Effects of Public Compensation for Disaster Damages on Private Insurance and Forest Management Decisions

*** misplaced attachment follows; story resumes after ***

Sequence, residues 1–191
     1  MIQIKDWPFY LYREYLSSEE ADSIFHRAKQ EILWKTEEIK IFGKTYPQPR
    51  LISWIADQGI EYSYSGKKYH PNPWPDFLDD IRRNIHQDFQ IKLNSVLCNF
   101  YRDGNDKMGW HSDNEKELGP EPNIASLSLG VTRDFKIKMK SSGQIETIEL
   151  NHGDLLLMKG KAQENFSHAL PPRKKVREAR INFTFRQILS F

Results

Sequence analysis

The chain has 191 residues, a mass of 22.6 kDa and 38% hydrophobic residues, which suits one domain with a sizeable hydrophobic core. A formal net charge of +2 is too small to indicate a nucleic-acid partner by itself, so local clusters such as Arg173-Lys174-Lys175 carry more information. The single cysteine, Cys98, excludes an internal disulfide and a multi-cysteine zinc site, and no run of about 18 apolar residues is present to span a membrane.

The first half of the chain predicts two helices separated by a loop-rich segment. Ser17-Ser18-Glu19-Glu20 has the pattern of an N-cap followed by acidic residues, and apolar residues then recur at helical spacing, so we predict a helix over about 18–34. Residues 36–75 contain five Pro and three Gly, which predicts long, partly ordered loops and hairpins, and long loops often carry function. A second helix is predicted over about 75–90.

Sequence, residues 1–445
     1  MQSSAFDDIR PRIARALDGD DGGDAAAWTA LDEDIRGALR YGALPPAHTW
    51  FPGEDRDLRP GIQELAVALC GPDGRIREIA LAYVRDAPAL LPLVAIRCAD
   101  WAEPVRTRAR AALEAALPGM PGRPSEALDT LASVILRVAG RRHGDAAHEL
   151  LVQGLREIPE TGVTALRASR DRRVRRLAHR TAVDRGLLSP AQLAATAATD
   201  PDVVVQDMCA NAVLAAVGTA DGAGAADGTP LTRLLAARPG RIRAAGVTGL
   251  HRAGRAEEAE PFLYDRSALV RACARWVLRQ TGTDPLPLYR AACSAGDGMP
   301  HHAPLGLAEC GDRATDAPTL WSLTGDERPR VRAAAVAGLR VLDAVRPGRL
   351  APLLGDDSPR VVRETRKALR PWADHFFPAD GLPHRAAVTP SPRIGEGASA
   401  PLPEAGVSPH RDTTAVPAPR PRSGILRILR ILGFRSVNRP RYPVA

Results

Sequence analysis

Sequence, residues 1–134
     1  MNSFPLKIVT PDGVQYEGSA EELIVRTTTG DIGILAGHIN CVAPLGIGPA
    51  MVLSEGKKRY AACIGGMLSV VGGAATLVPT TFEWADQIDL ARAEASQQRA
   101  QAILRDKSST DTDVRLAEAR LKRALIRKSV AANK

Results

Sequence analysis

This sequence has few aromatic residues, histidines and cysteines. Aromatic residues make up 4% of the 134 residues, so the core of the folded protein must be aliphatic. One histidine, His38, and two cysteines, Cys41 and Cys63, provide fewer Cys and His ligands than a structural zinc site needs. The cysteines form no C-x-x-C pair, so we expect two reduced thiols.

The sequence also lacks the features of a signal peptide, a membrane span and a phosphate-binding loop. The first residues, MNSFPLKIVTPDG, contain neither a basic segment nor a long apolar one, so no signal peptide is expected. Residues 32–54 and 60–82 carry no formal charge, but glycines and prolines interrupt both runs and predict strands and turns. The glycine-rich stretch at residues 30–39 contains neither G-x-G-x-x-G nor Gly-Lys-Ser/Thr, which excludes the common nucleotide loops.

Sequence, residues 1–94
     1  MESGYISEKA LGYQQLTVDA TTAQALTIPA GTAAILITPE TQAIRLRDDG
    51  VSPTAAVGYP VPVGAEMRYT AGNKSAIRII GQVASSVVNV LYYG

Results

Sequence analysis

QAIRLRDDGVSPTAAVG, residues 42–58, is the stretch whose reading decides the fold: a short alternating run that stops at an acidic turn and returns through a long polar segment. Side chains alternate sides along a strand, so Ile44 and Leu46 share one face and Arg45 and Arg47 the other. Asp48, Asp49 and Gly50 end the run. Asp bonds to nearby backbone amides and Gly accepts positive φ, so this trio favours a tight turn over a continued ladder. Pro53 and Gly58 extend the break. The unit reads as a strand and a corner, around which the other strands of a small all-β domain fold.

Politicians have a tendency to compensate victims of natural disasters. This article explores the impact of such public relief programmes on a non-industrial private forest owner’s insurance expenditures or on forest management activities. We develop a theoretical model of insurance demand or forest management activities in a risky context with a finite number of states of nature and a loss proportional to the forest value. The model predicts the optimal private expenditures of insurance and forest management activities. The comparative static effects of variations in the level of insurance price, attitudes toward risk, stand value, and the magnitude and frequency of the public compensation on insurance expenditures and on forest management activities are also characterised, and their implications for government policies are examined. Providing public financial assistance after a natural catastrophe may reduce the incentives of nonindustrial private forest owners to invest in insurance and protective measures prior to a disaster.
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